Is the pain more flat or sharp? Is it a five, or more like a seven? Questions like these make you want to punch doctor's face as you're gritting your teeth trying not to involuntarily poop. Now there's a machine to answer for you.
Pain communication is actually a pretty big stumbling block in medicine. The only way for doctors to get the information they need is to poke you or watch you squirm and then ask you about how it feels. Not the most efficient process in the world. Now researchers at Stanford have come up with a new method that takes scans of patients' brains to determine whether they're in pain, and to what degree.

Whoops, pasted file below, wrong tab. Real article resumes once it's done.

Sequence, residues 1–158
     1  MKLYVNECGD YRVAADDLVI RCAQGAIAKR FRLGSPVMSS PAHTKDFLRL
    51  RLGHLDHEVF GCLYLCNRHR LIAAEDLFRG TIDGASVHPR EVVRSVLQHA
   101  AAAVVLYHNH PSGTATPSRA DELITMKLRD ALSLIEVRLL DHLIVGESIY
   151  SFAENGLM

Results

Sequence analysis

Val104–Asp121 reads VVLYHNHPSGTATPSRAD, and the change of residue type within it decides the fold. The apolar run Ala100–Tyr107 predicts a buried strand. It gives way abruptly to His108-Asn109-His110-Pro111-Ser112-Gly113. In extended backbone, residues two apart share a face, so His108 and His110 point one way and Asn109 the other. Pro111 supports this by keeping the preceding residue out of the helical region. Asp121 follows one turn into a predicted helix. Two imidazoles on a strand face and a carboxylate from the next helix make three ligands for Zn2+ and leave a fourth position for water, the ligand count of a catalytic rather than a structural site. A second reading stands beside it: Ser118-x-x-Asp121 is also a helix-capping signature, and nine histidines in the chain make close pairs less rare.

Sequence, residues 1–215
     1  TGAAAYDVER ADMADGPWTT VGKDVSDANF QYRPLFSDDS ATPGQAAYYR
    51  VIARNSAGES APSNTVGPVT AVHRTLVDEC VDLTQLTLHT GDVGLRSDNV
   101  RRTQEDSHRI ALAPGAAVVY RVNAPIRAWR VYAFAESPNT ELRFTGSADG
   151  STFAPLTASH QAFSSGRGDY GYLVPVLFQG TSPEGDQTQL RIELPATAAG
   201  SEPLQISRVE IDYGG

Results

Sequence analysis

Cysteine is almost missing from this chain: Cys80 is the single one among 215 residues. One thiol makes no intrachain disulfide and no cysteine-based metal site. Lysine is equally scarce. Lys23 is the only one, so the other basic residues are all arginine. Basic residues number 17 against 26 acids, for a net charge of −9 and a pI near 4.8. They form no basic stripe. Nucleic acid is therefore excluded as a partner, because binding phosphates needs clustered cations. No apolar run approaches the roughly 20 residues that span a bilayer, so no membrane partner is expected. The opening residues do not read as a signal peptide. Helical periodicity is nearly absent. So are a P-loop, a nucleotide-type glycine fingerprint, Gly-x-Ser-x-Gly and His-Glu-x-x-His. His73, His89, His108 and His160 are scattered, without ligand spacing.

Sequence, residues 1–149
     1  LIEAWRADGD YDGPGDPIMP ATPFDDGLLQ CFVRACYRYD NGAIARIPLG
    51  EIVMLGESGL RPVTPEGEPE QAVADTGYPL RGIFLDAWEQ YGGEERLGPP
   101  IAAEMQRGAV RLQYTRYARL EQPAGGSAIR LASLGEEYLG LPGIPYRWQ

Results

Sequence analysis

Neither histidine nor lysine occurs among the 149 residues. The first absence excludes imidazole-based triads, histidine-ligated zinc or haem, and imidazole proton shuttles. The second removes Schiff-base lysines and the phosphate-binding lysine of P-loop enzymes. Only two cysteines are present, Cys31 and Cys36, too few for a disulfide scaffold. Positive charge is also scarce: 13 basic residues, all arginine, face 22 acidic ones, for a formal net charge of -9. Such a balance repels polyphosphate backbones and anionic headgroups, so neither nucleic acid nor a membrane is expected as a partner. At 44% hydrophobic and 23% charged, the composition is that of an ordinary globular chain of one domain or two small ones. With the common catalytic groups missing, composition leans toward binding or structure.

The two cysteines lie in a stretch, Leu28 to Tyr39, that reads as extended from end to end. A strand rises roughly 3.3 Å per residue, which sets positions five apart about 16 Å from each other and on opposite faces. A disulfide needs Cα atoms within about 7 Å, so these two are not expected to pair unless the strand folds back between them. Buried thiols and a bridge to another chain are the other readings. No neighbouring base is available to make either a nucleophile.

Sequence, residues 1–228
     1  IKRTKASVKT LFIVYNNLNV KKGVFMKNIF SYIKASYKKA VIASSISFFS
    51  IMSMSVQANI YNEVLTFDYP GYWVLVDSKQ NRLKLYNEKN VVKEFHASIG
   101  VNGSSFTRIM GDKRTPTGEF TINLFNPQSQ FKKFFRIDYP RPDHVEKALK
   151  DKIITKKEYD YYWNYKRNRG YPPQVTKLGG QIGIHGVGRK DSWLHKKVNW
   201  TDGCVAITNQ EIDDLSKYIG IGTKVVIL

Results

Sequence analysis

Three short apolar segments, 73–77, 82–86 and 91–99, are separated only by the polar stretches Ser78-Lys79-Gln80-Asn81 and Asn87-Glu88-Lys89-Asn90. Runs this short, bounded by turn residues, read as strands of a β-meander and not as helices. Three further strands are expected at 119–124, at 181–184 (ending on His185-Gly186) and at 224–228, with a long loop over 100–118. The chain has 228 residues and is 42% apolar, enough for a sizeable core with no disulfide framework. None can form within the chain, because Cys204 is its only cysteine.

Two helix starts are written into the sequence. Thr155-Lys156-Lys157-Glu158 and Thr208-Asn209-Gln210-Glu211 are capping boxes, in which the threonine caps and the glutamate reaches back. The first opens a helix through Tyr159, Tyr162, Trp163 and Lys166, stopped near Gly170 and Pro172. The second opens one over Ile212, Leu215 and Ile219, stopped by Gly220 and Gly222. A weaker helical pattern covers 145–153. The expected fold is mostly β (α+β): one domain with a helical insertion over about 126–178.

It's still early in the development stages, but in the initial study, the machine was correct 81% of the time determining whether a heat stimulus was warm or painfully hot. That'll have to get better, obviously, but it's a start. And the real upshot, beyond maybe getting rid of those annoying questions, will be to see if patients who can't communicate with doctors are in pain. The downside? It'll be a heck of a lot harder to haggle about pain prescriptions every time you go in for a bump or bruise. [TheDoctorWillSeeYouNow via The Atlantic]
Image: Sean Mackey, MD, PhD.